BERKOVIC BEHIND THE SCENES: “My backstage photography started with a stripper.”
Pamela Berkovic was unabashed about how her career has played out. “Then it evolved into fashion, theater, movies, ballet, the opera, but that’s how it started,” she said.
Referring to one of her favorite photos on view in New York, Berkovic said it took “months and months” to shoot the stripper, who also worked as a makeup artist. That’s how much time was needed for the woman to become comfortable and confident enough to give Berkovic the respect to go backstage at the underground strip club in Brussels. “I had three hours. There was a pimp and a lot of strange things going on. The pimp was yelling at the girls, yelling at me,” she said. “I was 20 years old. I brought my father and said, ‘Dad, you stay upstairs with your friends in case something happens. We didn’t have cellphones 20 years ago obviously. But it went well.”
She said, “I tried to repeat this when I came to New York, but New York is such a difficult environment to get into those worlds.”
Her father Charles, an artist in his own right, was in the room of well-wishers including Charlotte Sarkozy, Patrick Timsit, Dinah Emsalem, Jill Kargman, Olivier Giugni and Mark Connolly at Friday’s opening of “Pamela Berkovic: A Woman’s Eye” on the Upper East Side. Berkovic’s daughter, Elle Rose, made a beeline for Thom Browne, who had his dachshund in tow. The youngster is building her own photography following on Instagram.
Her mother said, “As a woman photographer, I always wanted to show the strength and beauty in women. I never ask them to pose. Nothing is posed. Even when I stage them, I want to show something in the moment, something very natural. I photograph mostly women, very little men. I think I will get to men later.”
Whenever Berkovic does a portrait she tells her subject that she will need three hours. They will ask, “Why do you need three hours for one portrait?” and I always say, ‘I need three hours because you have to know me and I have to know you. And the picture will take five minutes.’” she said. “They don’t understand this in the beginning but after a while, they get it. The last five minutes of the three hours they give me is when I can get out everything — their personality, weakness, strongness and beauty.”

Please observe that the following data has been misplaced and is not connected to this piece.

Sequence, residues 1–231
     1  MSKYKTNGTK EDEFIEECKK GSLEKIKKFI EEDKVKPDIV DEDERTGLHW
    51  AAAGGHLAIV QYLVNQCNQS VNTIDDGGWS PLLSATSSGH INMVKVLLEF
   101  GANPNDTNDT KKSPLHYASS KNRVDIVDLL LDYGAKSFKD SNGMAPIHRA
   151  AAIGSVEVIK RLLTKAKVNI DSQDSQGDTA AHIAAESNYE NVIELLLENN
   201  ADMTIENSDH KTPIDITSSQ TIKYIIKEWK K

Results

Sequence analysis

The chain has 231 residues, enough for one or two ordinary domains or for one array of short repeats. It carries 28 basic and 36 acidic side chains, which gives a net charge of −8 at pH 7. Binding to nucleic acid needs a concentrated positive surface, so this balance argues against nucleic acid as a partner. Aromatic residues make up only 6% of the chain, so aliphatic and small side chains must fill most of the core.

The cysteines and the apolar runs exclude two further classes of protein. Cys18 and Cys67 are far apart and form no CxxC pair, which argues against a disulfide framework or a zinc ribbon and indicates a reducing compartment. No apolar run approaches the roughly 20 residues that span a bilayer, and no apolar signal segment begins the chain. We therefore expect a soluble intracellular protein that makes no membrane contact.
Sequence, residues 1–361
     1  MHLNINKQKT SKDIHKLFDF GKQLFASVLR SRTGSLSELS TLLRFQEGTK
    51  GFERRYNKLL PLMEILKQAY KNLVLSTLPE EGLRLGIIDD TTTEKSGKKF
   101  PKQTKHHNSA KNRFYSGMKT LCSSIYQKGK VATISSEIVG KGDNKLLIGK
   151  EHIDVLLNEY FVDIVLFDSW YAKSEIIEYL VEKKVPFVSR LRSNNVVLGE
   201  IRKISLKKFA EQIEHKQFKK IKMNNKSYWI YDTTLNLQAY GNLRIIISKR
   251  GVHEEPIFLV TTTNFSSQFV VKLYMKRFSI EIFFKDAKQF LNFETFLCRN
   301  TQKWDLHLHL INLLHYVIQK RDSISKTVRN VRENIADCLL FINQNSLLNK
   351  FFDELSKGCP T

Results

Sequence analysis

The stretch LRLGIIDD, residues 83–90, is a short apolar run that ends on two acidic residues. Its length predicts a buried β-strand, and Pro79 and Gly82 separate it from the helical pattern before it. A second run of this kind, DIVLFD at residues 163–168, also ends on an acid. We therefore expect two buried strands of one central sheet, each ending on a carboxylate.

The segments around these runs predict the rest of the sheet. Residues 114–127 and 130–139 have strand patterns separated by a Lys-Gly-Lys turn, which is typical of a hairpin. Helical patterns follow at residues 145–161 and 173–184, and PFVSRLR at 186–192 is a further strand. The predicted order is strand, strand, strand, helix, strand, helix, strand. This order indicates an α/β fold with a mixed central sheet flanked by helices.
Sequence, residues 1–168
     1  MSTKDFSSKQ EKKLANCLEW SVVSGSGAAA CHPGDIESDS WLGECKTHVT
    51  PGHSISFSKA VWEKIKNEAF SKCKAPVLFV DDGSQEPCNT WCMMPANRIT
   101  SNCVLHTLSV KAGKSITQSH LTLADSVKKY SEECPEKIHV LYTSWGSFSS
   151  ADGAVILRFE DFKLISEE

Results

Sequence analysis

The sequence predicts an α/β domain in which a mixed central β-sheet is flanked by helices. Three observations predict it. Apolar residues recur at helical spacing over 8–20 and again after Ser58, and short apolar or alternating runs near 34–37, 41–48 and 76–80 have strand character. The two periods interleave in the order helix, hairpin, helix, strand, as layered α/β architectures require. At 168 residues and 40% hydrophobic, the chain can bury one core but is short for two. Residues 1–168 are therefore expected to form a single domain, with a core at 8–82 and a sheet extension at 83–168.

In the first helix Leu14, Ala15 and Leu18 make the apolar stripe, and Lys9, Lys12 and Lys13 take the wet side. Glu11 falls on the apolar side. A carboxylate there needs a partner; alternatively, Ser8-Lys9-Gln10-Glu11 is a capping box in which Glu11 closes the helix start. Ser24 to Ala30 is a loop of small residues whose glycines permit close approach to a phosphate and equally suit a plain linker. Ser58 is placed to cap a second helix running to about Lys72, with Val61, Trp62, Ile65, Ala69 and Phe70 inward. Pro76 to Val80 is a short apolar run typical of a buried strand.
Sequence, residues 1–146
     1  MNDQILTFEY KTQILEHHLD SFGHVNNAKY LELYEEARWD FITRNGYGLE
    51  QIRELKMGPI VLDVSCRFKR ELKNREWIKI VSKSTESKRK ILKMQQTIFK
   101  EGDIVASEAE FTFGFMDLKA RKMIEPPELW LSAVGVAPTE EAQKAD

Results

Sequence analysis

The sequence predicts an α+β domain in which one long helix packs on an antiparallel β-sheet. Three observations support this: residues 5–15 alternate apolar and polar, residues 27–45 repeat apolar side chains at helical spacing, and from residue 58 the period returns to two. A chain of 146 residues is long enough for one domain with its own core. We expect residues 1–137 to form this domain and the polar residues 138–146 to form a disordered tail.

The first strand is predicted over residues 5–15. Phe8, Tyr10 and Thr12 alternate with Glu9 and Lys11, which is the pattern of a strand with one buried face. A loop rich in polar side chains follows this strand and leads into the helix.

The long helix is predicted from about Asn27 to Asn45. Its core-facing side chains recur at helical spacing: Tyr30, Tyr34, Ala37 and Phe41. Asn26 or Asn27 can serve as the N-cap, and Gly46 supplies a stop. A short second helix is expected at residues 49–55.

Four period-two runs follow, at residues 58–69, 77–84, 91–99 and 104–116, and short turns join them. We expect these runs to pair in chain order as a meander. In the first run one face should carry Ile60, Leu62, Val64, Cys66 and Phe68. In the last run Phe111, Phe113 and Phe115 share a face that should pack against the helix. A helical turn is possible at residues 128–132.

Wearing a black sleeveless Sacai dress and red patent stilettos, she said, “When you can bring something out of someone in a picture that you didn’t know, and they didn’t know could come out, that makes a strong picture, not a good picture — a strong picture.”
Passing through the gallery, she said the larger prints on view make her really love a shot of a model wearing a turqoise Zac Posen gown. The shot reminds her of Flemish paintings, and as an Antwerps native it resonates.
She now plans to turn her focus to ballerinas and the ballet. Having befriended so many ballerinas from Paris and New York, the photographer said, “It’s such a beautiful performance. It looks so easy and it’s so difficult. There is such a discipline which I admire so much.”
Berkovic said, “I don’t like to always be too fashion. There is a fashion to it, but it’s more about the personality of the person who you are photographing than fashion or the clothes. But the clothes make it sometimes look more glamorous and appealing.”